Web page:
Well, on to the second aspect of this, the design of the prototype. Here’s a picture of the deck in dissassembly to show what I’m working with:
Above I’m just tearing up the old deck surface, and removing the nails. Still have to fabricate the building blocks.
Below, I’ve built two pieces, the first two, in order to se how it works.
The base unit is 12′ 1″ long, and 4′ wide. The top unit, sitting at the back there with the little pink flag, is 4′ square. In the corners, I nailed (ring nails using a framing nailer) a block 5 1/2″ long, which is the same height as the 2×6’s on the frame. The trick is the corner blocks are secured 1 1/2″ lower than the frame, so they form little guides that sit into the frame below.
With this system, I can stack the 4′ squares on the base frame and increase the height of the frame as compost is added, or as I switch from one crop to the next. For instance, I have onions in the lower 8′ x 4′ long section of the 12′ bed. The upper section, contains lettuce, which is a bit of a waste, as I have a foot of soil below the lettuce. But, that part of the frame would work very nicely for carrots or some other root crop.
With the base frame at 12′ 1″, I can stack 3 sets of the 4′ squares, one set might be two high, for a total of 18″. If I put another 4′ section on, it goes to 24″ of height. I reckon in the fall, if I want to pull a top frame off, and refresh a bed, I can do so and not have to dig down in alongside the frame.
I ‘secured’ the 12′ base frame with a couple bits of re-bar along the side, and at the lower end, I used some PT lumber to keep the soil in the frame. Those I call ‘dirt skirts, and they also help hold the base frame level, (at least till the frost?).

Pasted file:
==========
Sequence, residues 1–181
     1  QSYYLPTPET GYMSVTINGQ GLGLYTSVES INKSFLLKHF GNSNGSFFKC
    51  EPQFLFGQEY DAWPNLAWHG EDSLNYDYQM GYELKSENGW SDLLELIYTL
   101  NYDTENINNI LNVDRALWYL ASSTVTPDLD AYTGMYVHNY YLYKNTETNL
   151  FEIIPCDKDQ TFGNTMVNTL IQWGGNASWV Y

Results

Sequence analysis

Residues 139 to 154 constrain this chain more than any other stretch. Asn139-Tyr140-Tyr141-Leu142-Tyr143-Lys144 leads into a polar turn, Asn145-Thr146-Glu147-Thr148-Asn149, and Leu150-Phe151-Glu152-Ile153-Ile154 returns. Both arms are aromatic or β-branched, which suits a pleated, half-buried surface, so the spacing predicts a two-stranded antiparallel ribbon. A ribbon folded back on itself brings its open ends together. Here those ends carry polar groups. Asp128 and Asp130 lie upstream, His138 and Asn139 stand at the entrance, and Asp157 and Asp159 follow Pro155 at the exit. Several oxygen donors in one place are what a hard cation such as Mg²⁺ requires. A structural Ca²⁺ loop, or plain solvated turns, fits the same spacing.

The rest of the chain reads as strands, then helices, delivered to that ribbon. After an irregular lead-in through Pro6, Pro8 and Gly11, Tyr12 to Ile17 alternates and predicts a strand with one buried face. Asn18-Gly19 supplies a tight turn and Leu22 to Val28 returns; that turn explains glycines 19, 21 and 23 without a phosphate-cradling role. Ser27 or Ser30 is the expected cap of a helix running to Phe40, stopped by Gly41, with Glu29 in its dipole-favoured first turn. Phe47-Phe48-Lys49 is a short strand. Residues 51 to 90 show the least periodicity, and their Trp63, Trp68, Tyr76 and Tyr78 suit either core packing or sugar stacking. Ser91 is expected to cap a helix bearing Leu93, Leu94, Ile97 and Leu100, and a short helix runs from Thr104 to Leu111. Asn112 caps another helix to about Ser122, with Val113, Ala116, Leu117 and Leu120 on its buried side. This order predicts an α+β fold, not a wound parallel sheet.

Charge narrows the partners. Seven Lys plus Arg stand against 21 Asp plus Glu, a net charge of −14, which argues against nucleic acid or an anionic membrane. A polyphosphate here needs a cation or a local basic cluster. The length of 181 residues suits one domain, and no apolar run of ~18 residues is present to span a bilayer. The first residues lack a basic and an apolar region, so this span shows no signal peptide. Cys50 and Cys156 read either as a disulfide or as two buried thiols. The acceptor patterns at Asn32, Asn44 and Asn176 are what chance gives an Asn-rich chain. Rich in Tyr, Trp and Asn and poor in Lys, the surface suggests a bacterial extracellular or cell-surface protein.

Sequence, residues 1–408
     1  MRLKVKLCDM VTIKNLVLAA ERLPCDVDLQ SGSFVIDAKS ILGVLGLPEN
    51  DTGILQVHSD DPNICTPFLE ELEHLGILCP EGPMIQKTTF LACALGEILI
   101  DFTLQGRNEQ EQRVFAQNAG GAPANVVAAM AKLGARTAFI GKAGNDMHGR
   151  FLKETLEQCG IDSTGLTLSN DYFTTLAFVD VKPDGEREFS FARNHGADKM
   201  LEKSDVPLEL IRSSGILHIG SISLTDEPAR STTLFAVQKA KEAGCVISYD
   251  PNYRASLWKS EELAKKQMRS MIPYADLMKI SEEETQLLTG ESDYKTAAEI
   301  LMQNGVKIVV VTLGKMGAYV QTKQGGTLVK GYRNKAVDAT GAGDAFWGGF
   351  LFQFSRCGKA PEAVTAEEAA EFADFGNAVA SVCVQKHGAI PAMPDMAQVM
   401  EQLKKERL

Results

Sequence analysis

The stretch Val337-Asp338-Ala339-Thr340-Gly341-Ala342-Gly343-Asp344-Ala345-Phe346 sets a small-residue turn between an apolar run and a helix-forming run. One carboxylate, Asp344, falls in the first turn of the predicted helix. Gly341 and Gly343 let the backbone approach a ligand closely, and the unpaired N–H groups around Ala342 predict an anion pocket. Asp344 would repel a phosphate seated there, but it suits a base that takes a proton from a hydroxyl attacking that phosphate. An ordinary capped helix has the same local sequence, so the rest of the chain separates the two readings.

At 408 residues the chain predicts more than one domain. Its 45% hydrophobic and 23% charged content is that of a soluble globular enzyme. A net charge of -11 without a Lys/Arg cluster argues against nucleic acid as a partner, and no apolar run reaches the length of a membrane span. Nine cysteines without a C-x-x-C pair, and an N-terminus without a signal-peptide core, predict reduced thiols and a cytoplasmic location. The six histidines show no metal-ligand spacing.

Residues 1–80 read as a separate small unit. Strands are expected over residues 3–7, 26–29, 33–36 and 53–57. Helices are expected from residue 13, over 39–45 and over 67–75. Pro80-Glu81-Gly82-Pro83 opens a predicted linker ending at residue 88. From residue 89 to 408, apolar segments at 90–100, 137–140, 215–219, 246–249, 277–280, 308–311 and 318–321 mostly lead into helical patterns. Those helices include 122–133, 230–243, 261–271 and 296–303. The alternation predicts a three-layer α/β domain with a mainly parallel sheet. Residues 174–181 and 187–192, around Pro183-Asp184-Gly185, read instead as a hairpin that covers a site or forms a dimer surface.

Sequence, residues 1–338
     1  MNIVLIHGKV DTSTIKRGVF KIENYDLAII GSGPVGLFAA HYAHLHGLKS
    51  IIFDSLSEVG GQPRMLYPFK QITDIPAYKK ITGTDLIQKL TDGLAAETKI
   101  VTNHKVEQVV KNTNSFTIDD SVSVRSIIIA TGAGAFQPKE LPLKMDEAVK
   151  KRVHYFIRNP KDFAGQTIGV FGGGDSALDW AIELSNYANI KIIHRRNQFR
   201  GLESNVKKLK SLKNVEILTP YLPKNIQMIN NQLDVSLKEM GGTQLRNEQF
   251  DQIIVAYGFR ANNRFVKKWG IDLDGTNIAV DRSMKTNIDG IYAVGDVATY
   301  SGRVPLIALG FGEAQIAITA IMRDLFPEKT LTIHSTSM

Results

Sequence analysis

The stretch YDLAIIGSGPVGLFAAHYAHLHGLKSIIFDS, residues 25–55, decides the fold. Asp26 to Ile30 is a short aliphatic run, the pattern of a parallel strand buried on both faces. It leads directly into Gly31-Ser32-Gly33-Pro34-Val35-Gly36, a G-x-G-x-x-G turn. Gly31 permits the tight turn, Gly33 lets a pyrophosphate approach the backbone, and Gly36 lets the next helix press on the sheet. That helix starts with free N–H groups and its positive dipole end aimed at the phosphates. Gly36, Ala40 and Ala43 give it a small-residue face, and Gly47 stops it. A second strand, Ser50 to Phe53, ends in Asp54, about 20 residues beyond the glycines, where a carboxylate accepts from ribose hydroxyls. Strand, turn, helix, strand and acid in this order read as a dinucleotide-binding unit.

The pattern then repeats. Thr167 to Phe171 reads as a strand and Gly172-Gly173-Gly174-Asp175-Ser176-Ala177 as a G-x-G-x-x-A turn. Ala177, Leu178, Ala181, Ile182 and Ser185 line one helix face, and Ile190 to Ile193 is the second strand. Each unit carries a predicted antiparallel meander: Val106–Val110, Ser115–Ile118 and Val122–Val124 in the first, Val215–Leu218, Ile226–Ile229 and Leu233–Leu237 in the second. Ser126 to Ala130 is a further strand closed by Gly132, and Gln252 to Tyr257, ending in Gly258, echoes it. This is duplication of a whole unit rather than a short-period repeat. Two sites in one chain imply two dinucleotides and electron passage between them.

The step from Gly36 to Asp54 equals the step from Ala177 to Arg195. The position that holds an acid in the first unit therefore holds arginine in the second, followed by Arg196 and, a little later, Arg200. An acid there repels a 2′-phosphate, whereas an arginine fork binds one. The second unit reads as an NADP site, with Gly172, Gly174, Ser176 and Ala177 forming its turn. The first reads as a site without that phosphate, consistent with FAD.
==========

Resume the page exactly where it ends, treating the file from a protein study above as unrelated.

My plan is to build more of the 4′ frames and have them at the ready as new crops go in, and to install more of the 12’ 1″ ‘base frames’. I might put those base frames at various angles to the first one to make the garden interesting, and I might make some really long ones, perhaps 16′ 2″ or thereabouts. The extra 1″ and 2″ is so I can have a little wiggle room to stack either 3 or 4 of the 4′ frames along the length of a longer ‘base frame’, and not have them fail to seat properly due to small inaccuracies in my framing, or the squaring of the base frames.
I hope the pictures post OK…..I’ll take a detailed construction picture next weekend. Happy gardening all.
I used a “smoky Mountain” vertical smoker and a “Brinkman” off set fire box. I thought this would be a long and detailed post but the big time consuming part was assembling the smoker and fire box. The tools you would need to join the two are a Phillips screw driver, crescent wrench, drill/w 1/4” drill bit and a saber saw with a metal cutting blade. I put the two on a work table for a more comfortable working height.
I positioned the two where they would be located. I was surprised that the fire box had a large elliptical shaped hole for heat/smoke transfer. I traced the ellipse and bolt holes with a pencil then cut the ellipse and drilled the bolt holes.
Man that looks like a big hole but every thing lined up nice.
Brinkman includes the parts necessary to use the fire box as a stand alone grill, a larger elliptical plate with draft control. I decided to use them to reduce the heat/smoke to the smoker. If the reduction is to much I will cut a 4” diameter hole through the ellipse. If the reduction is still to much I will just eliminate the ellipse. As soon as the weather breaks I plan to build a fire in the fire box and burn off any manufacturing residue and see what kind of temperature range I will have.